Two or three hours of planning on a Sunday ensure I have a handle on what I need to do during the week, whether it is planning for regularly scheduled tasks (Who is picking up our daughter on Tuesday? Do I have my lecture planned for Thursday’s class?) and out-of-the-ordinary ones (Am I prepared for my travel on Thursday and Friday? Do we have sitter lined up for Saturday night’s gala?).
I make a to-do list, which starts with a standard list of tasks that happen each week and is supplemented by the non-standard tasks. Starting with the standard list saves me time (do I really need to add “Update blog” to my to-do list every single week?) and allows me to focus on the non-standard items (special coaching sessions, extra classroom visits, etc.).
(Side note: We’ve started experimenting with this “standard list” idea for groceries as well… By brain-dumping my standard inventory knowledge of our kitchen and go-to meals into a standard shopping list, I empower anyone else to grocery shop on my behalf without having to transfer knowledge each and every time. Whew!)
And there is something really fulfilling about starting a week with a list of tasks, and finishing the week having made progress on all or some of them.
In my latest smart phone update, my calendar app added a “travel time” feature. Not only is this brilliant and overdue, it saves me the time of booking an extra 30 minutes before and after meetings for which I have to travel. (It also saves me the brain power of having to remember if a 12:30 meeting is really at 12:30 or if it is at 1:00 and I simply booked the time on my calendar to include travel time. No longer do I have to search through my email correspondence to remember why I booked an appointment when I booked it.)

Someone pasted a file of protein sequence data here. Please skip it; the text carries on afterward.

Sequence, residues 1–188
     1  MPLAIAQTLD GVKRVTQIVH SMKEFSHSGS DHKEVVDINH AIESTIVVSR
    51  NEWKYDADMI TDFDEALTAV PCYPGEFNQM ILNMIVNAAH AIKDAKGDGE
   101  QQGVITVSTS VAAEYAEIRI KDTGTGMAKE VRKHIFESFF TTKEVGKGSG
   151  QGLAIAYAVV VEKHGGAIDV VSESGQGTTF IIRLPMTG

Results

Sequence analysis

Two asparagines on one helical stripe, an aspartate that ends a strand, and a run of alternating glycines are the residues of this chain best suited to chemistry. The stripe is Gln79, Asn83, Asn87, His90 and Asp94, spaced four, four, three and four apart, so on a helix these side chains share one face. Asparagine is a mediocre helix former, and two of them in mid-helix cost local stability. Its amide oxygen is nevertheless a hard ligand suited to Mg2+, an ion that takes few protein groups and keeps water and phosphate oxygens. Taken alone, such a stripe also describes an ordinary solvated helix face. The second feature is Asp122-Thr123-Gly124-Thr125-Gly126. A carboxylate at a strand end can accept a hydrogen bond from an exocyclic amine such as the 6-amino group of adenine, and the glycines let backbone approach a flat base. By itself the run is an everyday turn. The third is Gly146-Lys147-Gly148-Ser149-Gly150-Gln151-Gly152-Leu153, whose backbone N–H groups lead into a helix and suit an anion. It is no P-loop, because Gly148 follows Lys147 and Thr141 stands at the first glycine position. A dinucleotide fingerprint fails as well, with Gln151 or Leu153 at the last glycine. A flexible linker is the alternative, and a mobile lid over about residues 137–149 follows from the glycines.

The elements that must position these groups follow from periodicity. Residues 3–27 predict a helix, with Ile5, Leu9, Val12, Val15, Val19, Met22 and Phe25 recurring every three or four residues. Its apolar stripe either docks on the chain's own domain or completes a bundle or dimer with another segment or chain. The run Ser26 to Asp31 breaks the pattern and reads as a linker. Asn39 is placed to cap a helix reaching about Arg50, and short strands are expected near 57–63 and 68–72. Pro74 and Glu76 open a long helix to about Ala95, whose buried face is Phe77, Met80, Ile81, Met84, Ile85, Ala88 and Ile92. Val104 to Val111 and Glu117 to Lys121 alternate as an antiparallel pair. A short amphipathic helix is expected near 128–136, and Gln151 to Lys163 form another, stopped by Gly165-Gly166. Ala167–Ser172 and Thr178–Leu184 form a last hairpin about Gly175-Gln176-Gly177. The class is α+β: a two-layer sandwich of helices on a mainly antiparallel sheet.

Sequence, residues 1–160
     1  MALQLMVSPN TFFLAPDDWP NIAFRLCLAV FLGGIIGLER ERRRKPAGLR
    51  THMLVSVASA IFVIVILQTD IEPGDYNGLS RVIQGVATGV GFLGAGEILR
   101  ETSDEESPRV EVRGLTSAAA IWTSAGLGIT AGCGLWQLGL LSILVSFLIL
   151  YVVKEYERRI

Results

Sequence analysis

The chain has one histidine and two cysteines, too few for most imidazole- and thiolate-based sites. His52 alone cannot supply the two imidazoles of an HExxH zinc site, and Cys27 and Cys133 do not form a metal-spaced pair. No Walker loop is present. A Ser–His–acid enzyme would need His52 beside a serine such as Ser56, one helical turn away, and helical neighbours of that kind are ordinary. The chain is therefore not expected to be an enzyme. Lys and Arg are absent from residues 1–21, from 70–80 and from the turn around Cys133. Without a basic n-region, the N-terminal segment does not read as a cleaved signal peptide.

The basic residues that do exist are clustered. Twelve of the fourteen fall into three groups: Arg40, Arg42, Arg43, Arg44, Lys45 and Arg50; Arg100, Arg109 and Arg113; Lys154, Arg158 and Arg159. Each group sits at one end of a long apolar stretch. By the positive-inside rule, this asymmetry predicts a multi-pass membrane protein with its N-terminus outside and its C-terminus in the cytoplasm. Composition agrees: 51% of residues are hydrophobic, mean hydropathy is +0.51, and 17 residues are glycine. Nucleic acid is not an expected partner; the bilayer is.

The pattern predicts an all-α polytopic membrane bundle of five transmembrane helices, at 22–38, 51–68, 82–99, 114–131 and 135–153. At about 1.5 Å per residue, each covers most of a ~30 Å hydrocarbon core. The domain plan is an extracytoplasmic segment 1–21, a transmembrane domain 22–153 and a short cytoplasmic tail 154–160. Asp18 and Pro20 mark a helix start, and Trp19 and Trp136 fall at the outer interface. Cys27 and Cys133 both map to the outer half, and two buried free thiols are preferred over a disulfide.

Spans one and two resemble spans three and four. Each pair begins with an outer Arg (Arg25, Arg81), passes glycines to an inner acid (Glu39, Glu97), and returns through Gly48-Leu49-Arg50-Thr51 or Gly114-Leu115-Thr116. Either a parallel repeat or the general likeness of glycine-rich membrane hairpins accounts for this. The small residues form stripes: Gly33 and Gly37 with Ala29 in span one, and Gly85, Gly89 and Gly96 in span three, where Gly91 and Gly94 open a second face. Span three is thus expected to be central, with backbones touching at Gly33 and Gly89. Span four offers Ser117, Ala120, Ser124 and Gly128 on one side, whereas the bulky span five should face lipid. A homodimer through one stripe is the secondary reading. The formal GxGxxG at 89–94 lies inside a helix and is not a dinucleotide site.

The travel time feature can be GPS-based (so it syncs with your location and the expected travel time to a meeting’s location) or it can be manual. I, personally, favor manually setting the travel time and adjusting my calendar reminders so I’m alerted at the beginning of a travel time appointment or five minutes before (“It’s time to leave!” fashion), rather than simply defaulting to a 15-minute reminder before meetings (which sometimes only make me anxious or annoyed if I am already en route or not quite ready to leave).
Capturing travel time—an already occurring time that we often forget to plan adequately for—is a simple way to reclaim control of your schedule. Especially during winter, when travel time often doubles, especially during the day when important task bleed into other important tasks. Especially when we’d rather not be rushed and forced to text our meeting partners while we’re in route.
In addition to scheduling travel time, I’ve been trying to schedule “follow up” time after each meeting or event. This is the time I need to address any to-do items that may come from the meeting, update and finalize my notes to reflect the substance of our conversations, and send follow-up correspondence. (My smart phone doesn’t automatically add this, but I do. And certain meeting scheduling tools, like Time Trade, do build this in.)